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“Buy and Hold” No More

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“Buy and Hold” No More

The Resurgence of Active Trading

A16Z,

5 min read
3 take-aways
Audio & text

What's inside?

Passive investing may no longer be the only game in town. 


Editorial Rating

7

Qualities

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  • For Experts
  • Hot Topic

Recommendation

Famed investor Warren Buffett advises people to “only buy something that you’d be perfectly happy to hold if the market shut down for 10 years.” That sentiment accurately describes the sharp rise in passive investing since the Great Recession. But changing demographics and investor behavior are signaling a shift back to active trading. Financial professionals Anish Acharya and Matthieu Hafemeister’s savvy report will appeal to traders and investors of all generations.

Summary

Capital in passive investing funds exceeds dollars in actively managed offerings, but active investing is coming back.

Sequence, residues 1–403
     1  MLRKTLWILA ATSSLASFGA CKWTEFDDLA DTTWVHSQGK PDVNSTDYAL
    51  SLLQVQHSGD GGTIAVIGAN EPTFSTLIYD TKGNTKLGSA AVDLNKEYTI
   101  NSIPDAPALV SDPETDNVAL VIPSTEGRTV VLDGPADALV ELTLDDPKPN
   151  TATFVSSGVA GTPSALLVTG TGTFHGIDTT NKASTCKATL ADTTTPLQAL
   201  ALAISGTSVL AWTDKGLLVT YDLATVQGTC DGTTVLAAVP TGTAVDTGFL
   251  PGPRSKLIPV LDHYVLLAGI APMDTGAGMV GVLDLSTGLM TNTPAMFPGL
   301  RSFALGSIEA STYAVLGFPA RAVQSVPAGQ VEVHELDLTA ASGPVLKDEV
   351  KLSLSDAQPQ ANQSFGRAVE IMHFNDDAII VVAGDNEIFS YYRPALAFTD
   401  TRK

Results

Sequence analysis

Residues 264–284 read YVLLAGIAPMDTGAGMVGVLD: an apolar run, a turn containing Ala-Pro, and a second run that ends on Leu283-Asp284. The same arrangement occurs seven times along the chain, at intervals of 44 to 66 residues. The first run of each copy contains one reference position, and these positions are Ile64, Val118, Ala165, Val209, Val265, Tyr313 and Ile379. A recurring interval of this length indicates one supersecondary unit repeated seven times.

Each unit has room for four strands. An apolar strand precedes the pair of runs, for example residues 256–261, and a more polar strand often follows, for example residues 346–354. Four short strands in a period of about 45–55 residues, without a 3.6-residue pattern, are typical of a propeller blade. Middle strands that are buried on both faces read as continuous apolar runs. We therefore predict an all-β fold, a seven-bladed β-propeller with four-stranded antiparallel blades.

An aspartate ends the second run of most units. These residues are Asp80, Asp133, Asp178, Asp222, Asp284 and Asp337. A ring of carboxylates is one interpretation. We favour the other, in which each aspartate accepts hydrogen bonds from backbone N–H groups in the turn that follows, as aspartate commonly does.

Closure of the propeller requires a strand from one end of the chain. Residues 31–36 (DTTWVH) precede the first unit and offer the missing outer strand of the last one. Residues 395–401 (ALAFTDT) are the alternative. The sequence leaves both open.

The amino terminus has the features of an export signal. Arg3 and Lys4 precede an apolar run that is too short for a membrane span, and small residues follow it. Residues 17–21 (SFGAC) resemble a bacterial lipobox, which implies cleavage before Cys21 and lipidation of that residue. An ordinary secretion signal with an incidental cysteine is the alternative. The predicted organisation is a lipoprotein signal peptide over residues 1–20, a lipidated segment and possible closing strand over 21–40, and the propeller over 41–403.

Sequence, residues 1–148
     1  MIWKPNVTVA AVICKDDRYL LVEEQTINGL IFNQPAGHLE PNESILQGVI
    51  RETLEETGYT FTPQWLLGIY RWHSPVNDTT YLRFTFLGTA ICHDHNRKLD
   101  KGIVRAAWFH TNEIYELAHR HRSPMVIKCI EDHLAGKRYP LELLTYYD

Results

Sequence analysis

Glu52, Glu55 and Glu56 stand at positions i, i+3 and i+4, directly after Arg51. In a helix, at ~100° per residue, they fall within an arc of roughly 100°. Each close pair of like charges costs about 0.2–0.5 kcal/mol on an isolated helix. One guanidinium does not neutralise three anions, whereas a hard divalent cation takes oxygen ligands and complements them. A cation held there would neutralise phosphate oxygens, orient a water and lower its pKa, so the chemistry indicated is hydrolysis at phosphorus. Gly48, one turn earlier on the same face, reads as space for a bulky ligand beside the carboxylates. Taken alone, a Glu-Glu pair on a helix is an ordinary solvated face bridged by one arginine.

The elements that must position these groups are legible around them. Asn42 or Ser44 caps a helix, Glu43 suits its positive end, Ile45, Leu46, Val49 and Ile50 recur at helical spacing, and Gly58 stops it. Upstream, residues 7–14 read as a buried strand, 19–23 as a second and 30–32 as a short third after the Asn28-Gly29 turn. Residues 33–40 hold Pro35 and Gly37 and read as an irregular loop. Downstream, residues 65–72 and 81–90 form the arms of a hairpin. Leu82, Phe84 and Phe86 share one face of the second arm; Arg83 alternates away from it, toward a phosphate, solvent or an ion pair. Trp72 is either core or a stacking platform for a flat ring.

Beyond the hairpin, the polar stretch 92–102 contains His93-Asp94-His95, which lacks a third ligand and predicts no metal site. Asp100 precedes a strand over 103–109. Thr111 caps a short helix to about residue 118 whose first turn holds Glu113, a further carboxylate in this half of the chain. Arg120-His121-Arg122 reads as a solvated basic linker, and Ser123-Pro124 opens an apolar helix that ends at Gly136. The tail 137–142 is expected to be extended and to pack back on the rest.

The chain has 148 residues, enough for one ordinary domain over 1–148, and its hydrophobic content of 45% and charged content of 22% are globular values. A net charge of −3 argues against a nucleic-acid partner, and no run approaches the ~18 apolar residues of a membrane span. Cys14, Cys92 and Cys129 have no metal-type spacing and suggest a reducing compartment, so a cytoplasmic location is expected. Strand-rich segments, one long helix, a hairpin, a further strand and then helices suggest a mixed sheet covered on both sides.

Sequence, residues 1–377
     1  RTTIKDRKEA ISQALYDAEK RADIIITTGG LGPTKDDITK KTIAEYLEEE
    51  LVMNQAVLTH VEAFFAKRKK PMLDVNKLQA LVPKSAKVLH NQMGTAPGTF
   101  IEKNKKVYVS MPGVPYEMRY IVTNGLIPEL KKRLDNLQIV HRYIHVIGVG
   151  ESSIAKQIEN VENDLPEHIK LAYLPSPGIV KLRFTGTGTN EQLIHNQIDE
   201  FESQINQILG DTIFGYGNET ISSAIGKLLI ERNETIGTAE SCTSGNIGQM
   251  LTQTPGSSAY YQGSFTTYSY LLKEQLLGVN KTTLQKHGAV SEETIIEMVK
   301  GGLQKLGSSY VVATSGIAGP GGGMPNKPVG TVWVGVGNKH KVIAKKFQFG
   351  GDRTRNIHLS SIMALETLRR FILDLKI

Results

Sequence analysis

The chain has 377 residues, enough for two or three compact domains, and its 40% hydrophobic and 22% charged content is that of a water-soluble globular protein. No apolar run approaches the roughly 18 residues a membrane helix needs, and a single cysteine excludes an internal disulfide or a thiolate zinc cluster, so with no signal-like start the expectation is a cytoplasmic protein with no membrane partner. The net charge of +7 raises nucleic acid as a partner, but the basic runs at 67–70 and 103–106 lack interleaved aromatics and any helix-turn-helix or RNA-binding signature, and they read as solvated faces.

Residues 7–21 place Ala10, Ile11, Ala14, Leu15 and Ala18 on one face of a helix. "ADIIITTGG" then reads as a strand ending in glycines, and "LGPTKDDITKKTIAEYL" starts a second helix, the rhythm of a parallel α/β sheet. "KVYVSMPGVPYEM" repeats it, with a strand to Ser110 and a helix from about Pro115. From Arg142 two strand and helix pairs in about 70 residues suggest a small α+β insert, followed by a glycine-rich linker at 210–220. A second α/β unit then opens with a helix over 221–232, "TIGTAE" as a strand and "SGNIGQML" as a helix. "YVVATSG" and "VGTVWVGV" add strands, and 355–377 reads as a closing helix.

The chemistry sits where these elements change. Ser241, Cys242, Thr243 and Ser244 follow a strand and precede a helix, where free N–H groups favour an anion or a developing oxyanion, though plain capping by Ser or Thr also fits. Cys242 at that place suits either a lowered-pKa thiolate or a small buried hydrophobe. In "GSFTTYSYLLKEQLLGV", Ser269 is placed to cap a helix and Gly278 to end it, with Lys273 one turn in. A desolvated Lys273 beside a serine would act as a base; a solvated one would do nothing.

In 1976, Vanguard CEO Jack Bogle pioneered passive investing with the Vanguard 500 Index fund, designed to capture the returns of S&P 500 equities in a single fund. The concept was simple: Beating the overall market year over year is extremely difficult, and investors are better served by leaving their money to work over time than by betting on active strategies to outperform.

In September 2019, total dollars in passive vehicles first exceeded the amount in actively...

About the Authors

Anish Acharya is a general partner and Matthieu Hafemeister is a partner at Andreessen Horowitz.


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